by Shelly Fagan
September 22, 2019

from Medium Website

Photo by Sabine Peters on Unsplash



If reality is a computer simulation, how does that work?

In 2003, Swedish philosopher Nick Bostrum proposed that the universe may be a simulated reality - an enormous game of Sims.


This virtual universe may have been created by our future generations who wanted to time travel to the past but eliminate the inherent paradoxes.


In this scenario, you could kill your great grandfather and not destroy your own chance to be born.

Bostrum suggested that if a civilization developed advanced technology that could create such a virtual world, the inhabitants would probably create multiple copies.

If our descendants managed to achieve this, Bostrum argued, then the odds were that you are one of many copies living in a simulation rather than the base reality.


Statistically speaking, if there are 10,000 simulated universes where copies of you exist, the chances of your consciousness being the original would be 1 in 10,000.

In other words, if copies were made, and the odds are you are not the original.




A Universal Web of Simulated Realities

Think of it as a vast Internet where each individual page represents one possible reality simulating the past. Or, this world may have been designed based on nothing more than someone's imagination.

Infinite universes may exist where every possible choice can play out. Your consciousness may be experiencing an existence like a choose-your-own-adventure book.

Another possibility may be that we are willing participants, opting to immerse ourselves in the experience by forgetting our true nature. We may suspend our understanding of reality to accept a limited view of the universe.

It should be noted that some other scientists reject this theory.




Do We Have Free Will?

The ancestor simulation hypothesis falls apart when it comes to consciousness.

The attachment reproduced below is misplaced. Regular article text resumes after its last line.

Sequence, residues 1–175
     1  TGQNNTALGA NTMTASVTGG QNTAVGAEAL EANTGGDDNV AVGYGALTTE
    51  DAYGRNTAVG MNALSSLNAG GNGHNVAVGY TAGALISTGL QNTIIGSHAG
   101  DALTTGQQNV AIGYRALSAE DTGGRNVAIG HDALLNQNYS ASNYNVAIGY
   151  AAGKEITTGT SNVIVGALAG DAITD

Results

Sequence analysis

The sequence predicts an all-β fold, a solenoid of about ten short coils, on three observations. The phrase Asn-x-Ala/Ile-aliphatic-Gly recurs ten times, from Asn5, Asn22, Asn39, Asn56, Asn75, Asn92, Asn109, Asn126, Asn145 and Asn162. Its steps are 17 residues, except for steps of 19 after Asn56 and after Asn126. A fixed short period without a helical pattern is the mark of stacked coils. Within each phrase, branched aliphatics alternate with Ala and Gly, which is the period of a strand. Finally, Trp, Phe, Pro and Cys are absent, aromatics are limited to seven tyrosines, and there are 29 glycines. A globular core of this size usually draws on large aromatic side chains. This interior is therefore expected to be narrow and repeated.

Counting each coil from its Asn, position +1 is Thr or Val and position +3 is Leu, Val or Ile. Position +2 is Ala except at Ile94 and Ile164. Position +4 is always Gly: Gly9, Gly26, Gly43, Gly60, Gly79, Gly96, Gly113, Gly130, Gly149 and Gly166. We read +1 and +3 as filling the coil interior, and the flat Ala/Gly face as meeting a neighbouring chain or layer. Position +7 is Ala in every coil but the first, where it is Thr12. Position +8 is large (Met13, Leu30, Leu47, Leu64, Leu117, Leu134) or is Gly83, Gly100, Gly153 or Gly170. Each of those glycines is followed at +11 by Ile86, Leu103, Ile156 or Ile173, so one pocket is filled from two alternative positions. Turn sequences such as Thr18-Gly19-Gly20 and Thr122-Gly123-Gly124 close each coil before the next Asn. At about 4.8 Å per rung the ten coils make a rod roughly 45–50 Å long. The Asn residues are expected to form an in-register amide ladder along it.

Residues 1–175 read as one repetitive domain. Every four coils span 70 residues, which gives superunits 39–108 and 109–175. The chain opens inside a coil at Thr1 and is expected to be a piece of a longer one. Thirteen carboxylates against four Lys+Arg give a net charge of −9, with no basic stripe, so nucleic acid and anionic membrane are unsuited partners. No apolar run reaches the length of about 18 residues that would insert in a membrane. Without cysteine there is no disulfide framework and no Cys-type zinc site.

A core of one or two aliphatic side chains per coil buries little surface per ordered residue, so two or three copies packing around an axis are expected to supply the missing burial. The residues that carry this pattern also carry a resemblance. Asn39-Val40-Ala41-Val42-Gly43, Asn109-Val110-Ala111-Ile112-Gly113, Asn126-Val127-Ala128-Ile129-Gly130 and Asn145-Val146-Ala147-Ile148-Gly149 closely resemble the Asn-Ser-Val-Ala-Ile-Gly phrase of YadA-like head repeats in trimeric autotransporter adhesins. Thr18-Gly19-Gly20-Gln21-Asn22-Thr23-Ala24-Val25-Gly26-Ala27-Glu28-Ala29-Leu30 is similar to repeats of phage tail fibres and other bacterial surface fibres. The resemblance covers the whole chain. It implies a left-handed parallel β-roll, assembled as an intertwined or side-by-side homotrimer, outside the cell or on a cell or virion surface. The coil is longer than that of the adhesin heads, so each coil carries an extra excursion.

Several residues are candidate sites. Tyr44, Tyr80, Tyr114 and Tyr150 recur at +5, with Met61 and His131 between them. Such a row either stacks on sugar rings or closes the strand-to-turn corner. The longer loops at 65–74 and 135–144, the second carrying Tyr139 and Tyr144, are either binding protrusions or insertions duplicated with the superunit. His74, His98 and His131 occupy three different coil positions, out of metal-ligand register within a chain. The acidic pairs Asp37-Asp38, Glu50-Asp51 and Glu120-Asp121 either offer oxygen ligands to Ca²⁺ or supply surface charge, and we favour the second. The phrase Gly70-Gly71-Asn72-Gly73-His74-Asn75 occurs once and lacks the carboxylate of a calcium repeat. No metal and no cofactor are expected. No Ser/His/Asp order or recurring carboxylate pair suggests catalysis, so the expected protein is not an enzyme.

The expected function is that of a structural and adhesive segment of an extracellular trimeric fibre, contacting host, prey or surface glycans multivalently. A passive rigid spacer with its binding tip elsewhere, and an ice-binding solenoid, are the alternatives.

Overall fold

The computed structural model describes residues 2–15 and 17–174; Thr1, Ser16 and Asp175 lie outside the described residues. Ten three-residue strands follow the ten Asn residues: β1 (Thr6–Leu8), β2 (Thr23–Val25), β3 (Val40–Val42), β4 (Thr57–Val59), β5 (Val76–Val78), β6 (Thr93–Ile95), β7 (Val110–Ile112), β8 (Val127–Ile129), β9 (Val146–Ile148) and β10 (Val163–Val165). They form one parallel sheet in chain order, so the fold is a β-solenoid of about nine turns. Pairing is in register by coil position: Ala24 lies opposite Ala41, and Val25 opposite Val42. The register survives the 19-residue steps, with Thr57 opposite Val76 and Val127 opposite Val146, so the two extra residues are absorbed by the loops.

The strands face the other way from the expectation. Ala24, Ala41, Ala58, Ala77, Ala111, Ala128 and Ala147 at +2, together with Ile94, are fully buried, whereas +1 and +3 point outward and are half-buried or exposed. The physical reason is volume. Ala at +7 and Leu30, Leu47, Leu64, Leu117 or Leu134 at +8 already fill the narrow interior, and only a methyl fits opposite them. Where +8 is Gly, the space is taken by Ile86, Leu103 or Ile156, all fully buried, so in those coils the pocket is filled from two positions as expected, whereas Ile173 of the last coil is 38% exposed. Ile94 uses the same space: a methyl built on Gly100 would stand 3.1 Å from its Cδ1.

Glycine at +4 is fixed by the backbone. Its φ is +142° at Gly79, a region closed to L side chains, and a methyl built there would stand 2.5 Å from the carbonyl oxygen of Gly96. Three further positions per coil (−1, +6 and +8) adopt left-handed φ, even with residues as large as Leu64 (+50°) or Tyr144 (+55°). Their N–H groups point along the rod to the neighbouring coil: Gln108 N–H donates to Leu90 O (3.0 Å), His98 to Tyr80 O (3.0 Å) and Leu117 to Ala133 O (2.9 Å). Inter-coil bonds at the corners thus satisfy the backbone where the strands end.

If we are merely props in our descendant's playground, and our actions are predetermined, then there is no need for us to have free will. It would serve no purpose to grant the inhabitants any sort of agency if they are not free to make choices.


It would require vast amounts of computing power for an unusable feature - and one that would likely disrupt the simulation.

The exception would be if consciousness was granted to those intended to experience the simulated reality and the main character had limited free will.

In other words, this universe was designed for your experience alone and therefore, only you are conscious inside your virtual world.

You have some ability to make decisions and move about with some limitations...




If We are Living in a Giant Computer Game, what would that Look Like?



A simulated reality might function something like the above image.


Your consciousness exists in a vast sea of potential. It would be much like an individual sitting in a living room deciding to play a game.

Your consciousness has any number of adventures to choose from, and many possible experiences. Until a game is chosen, it is only a "potential" reality, just like a book on your bookshelf has the potential to be read. It exists much like a wave form.


As we experience it inside the simulation, it becomes "particle-like" and "real." Our physical form is like our avatar inside the game.


We have freedom of movement if we hit the major checkpoints such as,

marriage, career, children, etc.,

...much like a video game requires players reach certain locations or achieve goals before moving forward.


We are limited by the constraints of the adventure, we cannot defy the built-in laws.

While others share the same construct, they are non-player characters in your game, you are an NPC in their experience. Your universe was designed for you, only you are conscious in your reality, but everyone's adventure plays out in the shared space.

Our stories may overlap, but they are independent, separate, and distinct.

Reality is purely subjective to each player.


Our mind is where our reality is created.


We simulate the physical world inside our brains using our perception of the world.

The only difference is that in this reality, we are conscious (or we have simulated consciousness) and we are unaware we are in a simulation or the vast expanse of potential.

Even if everything is simulation, the world "out there" seems real to us (read below article)...





What is "Real"?
by Shelly Fagan
September 11, 2019
Medium Website



Photo by Alexander Andrews on Unsplash

You are out of touch with what is reality.

We think everything we experience is "real." We believe something exists when we can touch or see it like nature, technology, and other people.


In this view, reality is shared. It is an environment we move through which is separate and distinct from us. Experiences which have the potential to change our definition of reality must be validated by others.


If we see a flaming meteor streaking across the night sky, invariably we will turn to others and ask,

"Did you see that...?"

Not only are we calling attention to something unusual, but we want outside verification of what we experienced.

Can someone else validate our reality, please?



Objective Reality



Photo by Phil Coffman on Unsplash